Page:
As you'd expect from the base sensitivity, the quality is very high, with detailed crops free from artefacts. The D700 has also done a good job of balancing natural light with that from the flash.

A smaller depth of field could of course be achieved in Aperture Priority, especially with this lens.
     


Macro: 7.70MB, Program, 1/200, f7.1, ISO 400, 50mm (50mm equivalent)

  For this macro shot we increased the D700's sensitivity to 400 ISO and positioned the camera as close at it would focus with the 50mm lens.

The AF 50mm f1.8 is certainly no macro lens, but has still delivered a good result at its closest focusing distance.

There's also no compromise with the D700 increased to 400 ISO. The crops are very smooth, detailed and noise-free, although some may prefer to apply a little extra sharpening.

     


Indoor: 4.27MB, Aperture Priority, 1/30, f4, ISO 400, 50mm (50mm equivalent)


  Our first indoor shot was taken with the D700 at 400 ISO, again with the 50mm lens.

Low light forced Program to select too large an aperture for the desired depth-of-field, so we switched to Aperture Priority and f4.

As you'd hope for a full-frame sensor just 1EV above its base sensitivity, the crops remain clean and detailed. It's a very usable sensitivity on the D700.
     


Indoor: 5.43MB, Aperture Priority, 1/10, f3.5, ISO 800, 14-24mm at 24mm (24mm equivalent)

  Our second indoor shot was taken with the D700's sensitivity increased to 800 ISO. We switched back to the 14-24mm lens here, but this time zoomed-into 24mm.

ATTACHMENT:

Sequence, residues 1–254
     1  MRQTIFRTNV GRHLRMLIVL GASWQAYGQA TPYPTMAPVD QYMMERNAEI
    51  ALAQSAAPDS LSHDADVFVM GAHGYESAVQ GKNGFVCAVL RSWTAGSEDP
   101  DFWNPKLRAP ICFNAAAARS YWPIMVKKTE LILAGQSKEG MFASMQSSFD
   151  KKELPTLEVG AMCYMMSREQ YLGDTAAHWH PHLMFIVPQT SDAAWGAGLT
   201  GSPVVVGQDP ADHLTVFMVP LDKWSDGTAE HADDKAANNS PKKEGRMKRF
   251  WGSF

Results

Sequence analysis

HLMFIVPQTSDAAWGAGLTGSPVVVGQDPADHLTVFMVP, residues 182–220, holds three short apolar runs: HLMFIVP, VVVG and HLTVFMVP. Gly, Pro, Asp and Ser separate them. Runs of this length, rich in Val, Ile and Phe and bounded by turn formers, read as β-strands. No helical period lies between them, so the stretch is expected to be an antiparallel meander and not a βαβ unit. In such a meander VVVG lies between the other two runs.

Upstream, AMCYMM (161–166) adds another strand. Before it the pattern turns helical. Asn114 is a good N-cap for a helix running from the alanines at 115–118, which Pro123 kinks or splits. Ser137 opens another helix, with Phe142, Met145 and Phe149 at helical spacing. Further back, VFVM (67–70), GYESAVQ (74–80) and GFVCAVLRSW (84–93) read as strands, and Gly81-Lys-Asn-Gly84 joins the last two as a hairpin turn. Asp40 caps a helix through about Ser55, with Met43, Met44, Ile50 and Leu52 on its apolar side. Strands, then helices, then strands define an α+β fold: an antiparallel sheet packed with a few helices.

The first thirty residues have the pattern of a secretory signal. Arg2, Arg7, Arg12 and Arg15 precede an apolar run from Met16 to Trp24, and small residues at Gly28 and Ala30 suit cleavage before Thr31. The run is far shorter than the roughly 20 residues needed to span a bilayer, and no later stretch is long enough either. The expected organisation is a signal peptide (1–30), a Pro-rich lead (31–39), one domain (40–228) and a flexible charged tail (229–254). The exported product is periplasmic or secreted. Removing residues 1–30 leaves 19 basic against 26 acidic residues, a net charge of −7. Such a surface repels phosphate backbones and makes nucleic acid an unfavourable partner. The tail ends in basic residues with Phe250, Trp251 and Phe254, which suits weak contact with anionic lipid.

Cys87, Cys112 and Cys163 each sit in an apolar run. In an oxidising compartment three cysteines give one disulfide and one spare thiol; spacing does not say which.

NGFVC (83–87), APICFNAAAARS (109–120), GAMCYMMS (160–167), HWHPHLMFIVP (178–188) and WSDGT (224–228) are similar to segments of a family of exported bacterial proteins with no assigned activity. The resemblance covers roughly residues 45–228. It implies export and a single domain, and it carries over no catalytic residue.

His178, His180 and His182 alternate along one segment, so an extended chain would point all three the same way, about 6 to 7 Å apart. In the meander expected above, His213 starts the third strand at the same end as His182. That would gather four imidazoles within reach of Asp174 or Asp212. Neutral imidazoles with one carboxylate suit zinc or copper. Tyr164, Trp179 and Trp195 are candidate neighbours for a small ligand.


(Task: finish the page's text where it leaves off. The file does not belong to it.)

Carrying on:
As above the D700 wanted to use the maximum aperture in Program mode, so we switched to f3.5 in Aperture Priority to achieve a slightly greater depth-of-field.

We're now beginning to see the real high ISO benefits of full-frame with another detailed, noise-free result that's very usable.
     


Indoor: 6.21MB, Aperture Priority, 1/50, f4, ISO 1600, 14-24mm at 24mm (24mm equivalent)

  Our next indoor shot was again taken with the 14-24mm at 24mm, but this time with the D700's sensitivity increased to 1600 ISO.

The crops are now revealing some texture through noise and noise reduction, but there's still plenty of detail and the result looks good when printed.

To see how this same scene looks throughout the D700's entire sensitivity range, check out our D700 High ISO results page. As a taster though we'll include one final shot at the D700's maximum sensitivity.
     


Indoor: 9.43MB, Program, 1/160, f6.3, ISO 25600, 14-24mm at 14mm (14mm equivalent)

  The Nikon D700 boasts a maximum sensitivity of 25,600 ISO - but are the results any good?

As seen here, there's lots of noise, and also numerous red 'hot' pixels in shadow areas. So it's only really for emergency use, but at least the option's there.

Note: the contrast between the dark ceiling and bright lamp has resulted in a visible line across the image. This is sensor blooming, not banding, and was only visible in our tests at the highest ISO and in compositions with very high contrast areas.
     


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All words, images, videos and layout, copyright 2005-2014 Gordon Laing. May not be used without permission.